Stamps – I mostly use letter stamps but I’ve found that repeating pattern stamps are also fun. I watch for them to go on sale or use a coupon. Buy ones that you see getting a lot of use out of.
Waxed Paper – I use the sheet kind for paint palettes. I use it as an undersheet for my glue stick so I don’t get glue on my table. I also use them in my altered books to separate heavily-painted pages so they won’t stick together. I use them until they are gross and then I toss them. I bought this box in January 2015 and have used less than half of it since then.
Very Useful Online Resources
Places to spend all of your money
SkyBluePink – Oh! The beautiful ephemera! I can never get outta this shop without loosing half my budget. But it’s so, so, so good I promise it won’t even hurt when it happens to you. Queen Xina, the proprietor of SkyBluePink, declares, “If we can get it to stick to paper, it’s collage material!” Words to live by, my Queen.
YourATCstore – If you like Artist Trading Cards, this is the place! They have so much cool stuff that you will never see in Michael’s or Hobby Lobby.
Jet Pens – This is pen heaven. And pen pouch heaven. I apologize in advance for the damage to your budget.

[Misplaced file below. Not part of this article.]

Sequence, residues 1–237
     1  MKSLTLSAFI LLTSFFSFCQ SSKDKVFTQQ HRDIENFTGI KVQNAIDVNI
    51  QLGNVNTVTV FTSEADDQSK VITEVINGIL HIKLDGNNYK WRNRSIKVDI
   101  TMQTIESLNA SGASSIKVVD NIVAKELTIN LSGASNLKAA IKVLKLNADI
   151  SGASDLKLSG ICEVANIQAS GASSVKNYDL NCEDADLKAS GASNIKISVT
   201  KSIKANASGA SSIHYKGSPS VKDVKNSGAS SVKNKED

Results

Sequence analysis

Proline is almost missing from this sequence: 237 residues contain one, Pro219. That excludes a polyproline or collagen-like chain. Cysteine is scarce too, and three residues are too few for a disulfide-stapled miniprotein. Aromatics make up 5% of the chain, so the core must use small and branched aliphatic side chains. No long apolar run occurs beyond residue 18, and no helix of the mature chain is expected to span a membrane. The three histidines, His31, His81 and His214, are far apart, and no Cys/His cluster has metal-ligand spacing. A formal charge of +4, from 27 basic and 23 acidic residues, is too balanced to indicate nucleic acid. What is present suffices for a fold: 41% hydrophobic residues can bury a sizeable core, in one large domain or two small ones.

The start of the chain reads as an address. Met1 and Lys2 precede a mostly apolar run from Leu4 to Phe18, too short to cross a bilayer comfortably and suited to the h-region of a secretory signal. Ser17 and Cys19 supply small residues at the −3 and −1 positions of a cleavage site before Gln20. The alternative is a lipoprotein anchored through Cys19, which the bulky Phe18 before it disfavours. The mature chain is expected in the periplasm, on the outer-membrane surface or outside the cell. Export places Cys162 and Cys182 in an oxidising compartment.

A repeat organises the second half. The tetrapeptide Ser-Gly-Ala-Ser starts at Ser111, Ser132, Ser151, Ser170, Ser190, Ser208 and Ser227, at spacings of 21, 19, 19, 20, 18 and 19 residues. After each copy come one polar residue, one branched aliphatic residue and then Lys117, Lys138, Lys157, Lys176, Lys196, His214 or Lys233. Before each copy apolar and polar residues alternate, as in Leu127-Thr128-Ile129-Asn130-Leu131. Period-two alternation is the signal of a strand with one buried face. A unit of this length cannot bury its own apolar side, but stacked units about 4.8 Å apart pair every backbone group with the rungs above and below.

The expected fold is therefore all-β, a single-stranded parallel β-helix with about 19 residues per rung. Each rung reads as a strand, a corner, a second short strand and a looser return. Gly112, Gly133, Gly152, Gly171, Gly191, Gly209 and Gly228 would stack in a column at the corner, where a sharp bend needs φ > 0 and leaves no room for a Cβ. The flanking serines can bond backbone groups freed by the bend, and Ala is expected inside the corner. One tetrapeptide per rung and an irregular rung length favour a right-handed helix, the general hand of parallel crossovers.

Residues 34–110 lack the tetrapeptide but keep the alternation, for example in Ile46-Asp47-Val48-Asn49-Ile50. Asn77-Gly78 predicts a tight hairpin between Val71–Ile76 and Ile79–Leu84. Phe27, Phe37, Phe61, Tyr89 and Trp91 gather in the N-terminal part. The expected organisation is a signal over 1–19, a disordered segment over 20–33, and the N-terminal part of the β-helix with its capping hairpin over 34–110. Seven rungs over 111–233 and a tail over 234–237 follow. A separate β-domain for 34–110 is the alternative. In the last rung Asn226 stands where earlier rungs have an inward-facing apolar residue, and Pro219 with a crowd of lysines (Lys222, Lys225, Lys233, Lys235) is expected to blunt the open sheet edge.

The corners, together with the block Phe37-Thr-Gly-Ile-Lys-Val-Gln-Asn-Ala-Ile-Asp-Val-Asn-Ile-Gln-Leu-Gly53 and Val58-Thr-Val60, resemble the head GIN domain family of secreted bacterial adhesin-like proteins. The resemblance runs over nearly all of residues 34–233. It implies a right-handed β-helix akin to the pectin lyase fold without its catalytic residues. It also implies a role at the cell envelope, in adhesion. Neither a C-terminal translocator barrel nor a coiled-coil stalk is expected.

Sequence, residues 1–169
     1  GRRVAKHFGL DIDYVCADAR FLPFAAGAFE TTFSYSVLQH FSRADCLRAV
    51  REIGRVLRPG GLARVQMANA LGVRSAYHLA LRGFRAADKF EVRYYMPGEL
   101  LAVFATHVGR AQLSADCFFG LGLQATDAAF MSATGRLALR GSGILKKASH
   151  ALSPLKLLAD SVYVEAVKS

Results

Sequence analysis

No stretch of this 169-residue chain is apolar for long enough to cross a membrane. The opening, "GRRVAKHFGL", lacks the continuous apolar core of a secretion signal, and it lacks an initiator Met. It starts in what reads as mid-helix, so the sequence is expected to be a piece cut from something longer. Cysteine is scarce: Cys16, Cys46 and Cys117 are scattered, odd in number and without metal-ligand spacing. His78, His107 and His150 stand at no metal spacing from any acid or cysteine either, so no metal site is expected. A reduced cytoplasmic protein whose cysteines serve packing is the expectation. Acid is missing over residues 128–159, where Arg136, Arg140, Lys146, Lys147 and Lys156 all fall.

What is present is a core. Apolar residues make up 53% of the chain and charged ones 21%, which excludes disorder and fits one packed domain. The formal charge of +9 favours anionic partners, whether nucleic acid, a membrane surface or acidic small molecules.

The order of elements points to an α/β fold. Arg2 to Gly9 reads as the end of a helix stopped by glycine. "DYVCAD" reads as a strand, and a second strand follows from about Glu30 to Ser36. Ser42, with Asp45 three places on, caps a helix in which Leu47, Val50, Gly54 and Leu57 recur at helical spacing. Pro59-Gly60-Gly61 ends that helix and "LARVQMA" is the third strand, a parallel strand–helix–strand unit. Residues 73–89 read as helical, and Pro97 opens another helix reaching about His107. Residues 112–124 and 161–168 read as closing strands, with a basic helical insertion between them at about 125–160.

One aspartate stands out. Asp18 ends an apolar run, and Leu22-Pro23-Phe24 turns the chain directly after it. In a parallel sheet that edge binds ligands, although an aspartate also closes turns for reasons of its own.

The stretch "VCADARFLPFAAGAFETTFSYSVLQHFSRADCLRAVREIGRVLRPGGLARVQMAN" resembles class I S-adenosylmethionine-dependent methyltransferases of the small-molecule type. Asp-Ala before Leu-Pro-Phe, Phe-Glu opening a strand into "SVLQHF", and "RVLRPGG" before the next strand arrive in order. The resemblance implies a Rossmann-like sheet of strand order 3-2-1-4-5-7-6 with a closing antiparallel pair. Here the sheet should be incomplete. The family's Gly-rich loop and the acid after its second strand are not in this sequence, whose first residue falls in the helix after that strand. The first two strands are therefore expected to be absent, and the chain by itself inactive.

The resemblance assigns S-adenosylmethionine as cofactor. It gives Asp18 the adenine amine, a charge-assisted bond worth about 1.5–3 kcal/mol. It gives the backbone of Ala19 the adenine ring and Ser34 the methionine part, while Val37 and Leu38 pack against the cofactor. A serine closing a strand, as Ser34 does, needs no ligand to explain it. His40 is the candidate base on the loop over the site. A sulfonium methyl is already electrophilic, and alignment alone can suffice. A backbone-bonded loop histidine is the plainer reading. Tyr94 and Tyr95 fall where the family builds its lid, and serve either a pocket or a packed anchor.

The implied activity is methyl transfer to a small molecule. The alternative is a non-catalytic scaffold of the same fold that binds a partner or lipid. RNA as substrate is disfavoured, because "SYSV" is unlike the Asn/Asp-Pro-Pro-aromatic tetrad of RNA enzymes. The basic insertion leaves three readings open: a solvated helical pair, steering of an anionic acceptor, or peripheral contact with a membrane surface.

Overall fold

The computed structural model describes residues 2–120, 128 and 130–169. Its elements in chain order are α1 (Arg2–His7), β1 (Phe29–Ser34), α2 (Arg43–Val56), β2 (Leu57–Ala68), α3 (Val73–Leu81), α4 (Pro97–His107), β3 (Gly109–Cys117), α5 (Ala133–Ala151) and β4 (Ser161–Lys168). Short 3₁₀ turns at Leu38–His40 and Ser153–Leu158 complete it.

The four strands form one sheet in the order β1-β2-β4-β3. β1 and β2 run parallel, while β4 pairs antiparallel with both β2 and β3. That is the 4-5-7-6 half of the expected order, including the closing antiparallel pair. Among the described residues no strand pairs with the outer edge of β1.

Etsy – Here’s a place I actually haven’t explored much for ephemera but I know there’s tons of stuff available. I always mean to look for things here and am somehow always convinced that being able to touch and see things in person is better. Lame excuse.
Swallowtail Garden Seeds – Same as Biodiversity but for plants. I don’t tend to use this one like I use Biodiversity but if you like to use flower and plant images, this is the place for you.
The British Library – Searchable image library of maps, architectural drawings, portraits, and book flourishes. There’s so much stuff here, you could look for a week and still not see it all.
Get Messy Art Journal – This is an arts community like no other. Support, friendship, encouragement; it’s all there. People who will mentor you and there will be those in the community looking to you to mentor them. It’s a gem of a place centered on art journaling. Sign up for the free intro class!
Epbot – Jen and John are geek crafters, prop-makers, and cosplayers. Prepared to be dazzled.
Punk Projects – Katie is a hard-core, craft maker and painter. Her website is a treasure trove of fun ideas and cute craft pics.
Let me know if you have a great tool you love to use or if I left something off of my list you must know about!